Mary Shedden

Mary Shedden is a reporter at WUSF, as part of the Health News Florida team. Her assignment: distill policy and science so it makes sense on a personal level.

In the past 20 years, she's told the stories of retired pro athletes in chronic pain, children poisoned by toxic toys, and seniors who nearly overdosed on prescription drugs. 

Her work at The Tampa Tribune and TBO.com, Florida Today and the Gainesville Sun have been honored by professional organizations including the Society of Professional Journalists, Associated Press Sports Editors, and the Florida Society of News Editors.

A graduate of the University of Florida's College of Journalism and Communications, Mary has lived in the Tampa Bay area since 1999.

Contact Mary at 813-974-8636 on Twitter @MaryShedden or by email

Hurricane Dorian struck the northern Bahamas as a catastrophic Category 5 storm Sunday, its record 185 mph winds ripping off roofs, overturning cars and tearing down power lines as hundreds hunkered down in schools, churches and shelters.

CBD is showing up more and more in Florida, from gas stations to grocery stories. It was being sold long before it became legal in the state on July 1. But there is a lot of confusion about whether it’s safe and what is legitimate.

Journalists from WUSF Public Media received three honors Saturday night at the annual Sunshine State Awards hosted by the Florida chapter of the Society of Professional Journalists.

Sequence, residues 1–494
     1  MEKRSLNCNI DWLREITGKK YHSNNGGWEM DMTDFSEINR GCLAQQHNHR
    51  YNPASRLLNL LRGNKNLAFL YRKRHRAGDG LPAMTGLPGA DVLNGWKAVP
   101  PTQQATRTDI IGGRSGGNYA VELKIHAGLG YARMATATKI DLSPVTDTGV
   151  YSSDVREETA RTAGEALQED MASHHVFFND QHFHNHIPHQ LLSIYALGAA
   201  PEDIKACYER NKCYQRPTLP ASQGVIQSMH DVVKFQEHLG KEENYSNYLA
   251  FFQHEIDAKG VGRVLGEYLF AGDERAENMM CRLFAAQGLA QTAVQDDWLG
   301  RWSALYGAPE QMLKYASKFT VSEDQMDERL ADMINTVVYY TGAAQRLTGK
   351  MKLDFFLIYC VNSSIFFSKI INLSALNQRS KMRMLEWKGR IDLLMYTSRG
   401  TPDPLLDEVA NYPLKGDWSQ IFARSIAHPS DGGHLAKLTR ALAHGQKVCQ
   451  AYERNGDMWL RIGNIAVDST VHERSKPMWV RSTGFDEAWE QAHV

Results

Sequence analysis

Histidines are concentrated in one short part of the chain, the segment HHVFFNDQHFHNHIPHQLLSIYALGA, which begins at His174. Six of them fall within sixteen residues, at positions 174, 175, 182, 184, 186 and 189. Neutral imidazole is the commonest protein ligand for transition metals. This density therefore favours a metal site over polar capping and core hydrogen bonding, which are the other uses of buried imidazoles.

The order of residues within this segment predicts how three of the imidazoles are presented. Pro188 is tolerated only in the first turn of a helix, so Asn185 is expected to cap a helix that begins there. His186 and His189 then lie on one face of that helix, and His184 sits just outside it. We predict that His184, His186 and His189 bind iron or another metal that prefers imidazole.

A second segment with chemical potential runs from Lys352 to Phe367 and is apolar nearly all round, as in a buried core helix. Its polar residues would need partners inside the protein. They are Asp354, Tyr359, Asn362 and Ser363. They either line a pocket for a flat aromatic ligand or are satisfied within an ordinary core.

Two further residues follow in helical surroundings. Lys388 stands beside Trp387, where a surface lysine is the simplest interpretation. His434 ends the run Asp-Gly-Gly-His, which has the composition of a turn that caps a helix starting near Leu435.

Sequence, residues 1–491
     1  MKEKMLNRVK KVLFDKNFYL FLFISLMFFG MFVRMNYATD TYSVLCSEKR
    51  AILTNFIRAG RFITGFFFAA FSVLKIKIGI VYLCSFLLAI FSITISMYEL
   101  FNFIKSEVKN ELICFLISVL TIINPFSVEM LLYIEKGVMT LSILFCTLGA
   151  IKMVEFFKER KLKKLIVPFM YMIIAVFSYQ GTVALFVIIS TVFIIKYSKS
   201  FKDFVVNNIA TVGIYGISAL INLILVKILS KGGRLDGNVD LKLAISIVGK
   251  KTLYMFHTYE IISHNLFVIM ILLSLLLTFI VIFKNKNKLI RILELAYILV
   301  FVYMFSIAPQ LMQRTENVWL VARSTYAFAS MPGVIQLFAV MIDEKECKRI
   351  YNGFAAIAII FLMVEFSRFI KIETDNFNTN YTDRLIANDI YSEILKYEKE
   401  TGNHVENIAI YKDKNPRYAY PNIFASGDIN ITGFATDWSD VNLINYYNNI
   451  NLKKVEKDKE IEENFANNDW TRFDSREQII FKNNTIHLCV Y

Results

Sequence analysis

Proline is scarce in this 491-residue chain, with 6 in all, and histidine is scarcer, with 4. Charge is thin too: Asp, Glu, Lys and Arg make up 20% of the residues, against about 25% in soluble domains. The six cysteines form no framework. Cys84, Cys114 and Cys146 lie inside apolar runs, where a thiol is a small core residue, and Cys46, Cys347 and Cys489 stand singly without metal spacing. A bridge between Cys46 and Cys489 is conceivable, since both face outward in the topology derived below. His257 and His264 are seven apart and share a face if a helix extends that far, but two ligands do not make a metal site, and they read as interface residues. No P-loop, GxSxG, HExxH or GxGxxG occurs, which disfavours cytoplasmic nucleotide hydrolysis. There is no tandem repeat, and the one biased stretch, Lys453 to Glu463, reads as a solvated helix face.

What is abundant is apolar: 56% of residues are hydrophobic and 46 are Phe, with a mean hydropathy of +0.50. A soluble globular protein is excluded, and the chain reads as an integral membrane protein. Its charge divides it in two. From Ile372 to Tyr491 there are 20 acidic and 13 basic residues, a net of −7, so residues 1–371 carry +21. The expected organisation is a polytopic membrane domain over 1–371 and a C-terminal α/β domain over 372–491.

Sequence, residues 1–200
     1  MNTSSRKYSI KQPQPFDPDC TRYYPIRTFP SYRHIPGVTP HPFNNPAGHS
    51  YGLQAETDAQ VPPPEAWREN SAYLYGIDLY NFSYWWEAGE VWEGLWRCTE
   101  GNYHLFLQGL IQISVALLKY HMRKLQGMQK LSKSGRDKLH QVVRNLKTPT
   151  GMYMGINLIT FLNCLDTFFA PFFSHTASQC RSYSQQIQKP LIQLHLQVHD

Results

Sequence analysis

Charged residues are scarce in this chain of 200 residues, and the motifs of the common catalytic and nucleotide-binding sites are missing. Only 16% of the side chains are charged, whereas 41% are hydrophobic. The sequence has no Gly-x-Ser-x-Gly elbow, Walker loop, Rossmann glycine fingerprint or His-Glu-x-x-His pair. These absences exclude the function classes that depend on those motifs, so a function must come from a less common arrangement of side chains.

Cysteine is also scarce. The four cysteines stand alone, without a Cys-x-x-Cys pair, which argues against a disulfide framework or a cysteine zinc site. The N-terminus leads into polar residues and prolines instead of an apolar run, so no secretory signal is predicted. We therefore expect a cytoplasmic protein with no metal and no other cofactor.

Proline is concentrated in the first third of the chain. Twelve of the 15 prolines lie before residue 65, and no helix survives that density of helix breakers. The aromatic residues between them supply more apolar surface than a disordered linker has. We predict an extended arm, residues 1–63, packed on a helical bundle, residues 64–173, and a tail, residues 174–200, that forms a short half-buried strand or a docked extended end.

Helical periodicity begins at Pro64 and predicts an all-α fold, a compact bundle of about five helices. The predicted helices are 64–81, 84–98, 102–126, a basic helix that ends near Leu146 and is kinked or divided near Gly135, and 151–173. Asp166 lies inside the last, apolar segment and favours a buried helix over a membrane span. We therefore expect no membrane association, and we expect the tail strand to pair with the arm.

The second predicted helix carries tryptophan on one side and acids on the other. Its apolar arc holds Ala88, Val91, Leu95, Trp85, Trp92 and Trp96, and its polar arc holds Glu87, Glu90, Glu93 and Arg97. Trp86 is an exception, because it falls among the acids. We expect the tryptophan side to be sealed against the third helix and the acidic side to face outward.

Florida’s budget was made official Friday afternoon, but not before Gov. Ron DeSantis issued vetoes for 25 projects and programs specifically for the Tampa Bay region.

This week on Florida Matters, we talk about zoning and how it affects the way our state manages growth.

It may sound mundane, but zoning and building regulations affect us intimately because they hit us where we live.


Daylina Miller, a multimedia reporter for WUSF Public Media and its Health News Florida project, was named the winner of a regional Edward R. Murrow Award for excellence in writing.

WUSF Public Media journalists won 11 honors Saturday night in the Florida Associated Press Broadcasters Contest, including five first-place finishes and a second-place award for Station of the Year.

WUSF News will be highlighting America's affordable housing crunch and its impact here at home in an upcoming special report.

Several Tampa Bay area elections offices are extending their hours to help voters with contested mail-in ballots.

Follow along as NPR updates election results from the Tampa Bay area and other key Florida races.

The political stakes in Florida couldn’t get much higher.

On Tuesday, voters will pick a new governor and a U.S. Senator. Congressional and state legislative seats are up for grabs, as well as Attorney General and a slew of local offices. There’s also a long list of constitutional amendments -- on everything from gambling and voting rights to homestead taxes and vaping.

It’s been a year since Hurricane Maria ravaged Puerto Rico. Recovery continues on the devastated island, but transitions are also happening here in Florida, where many residents evacuated and some have chosen to stay.

NPR recently received a firestorm of criticism for the way it handled an interview with the leader of a recent Unite the Right rally in Washington D.C. And it’s raising questions about how and why newsrooms make decisions about covering controversial sources.

School districts across Florida are scrambling to meet a deadline to install security officers in every single public school.

We've all gotten an email or seen something online that seems a bit fishy.

Some people take the bait, but some check it out and often rely on a well-known online mythbuster called Snopes.com.

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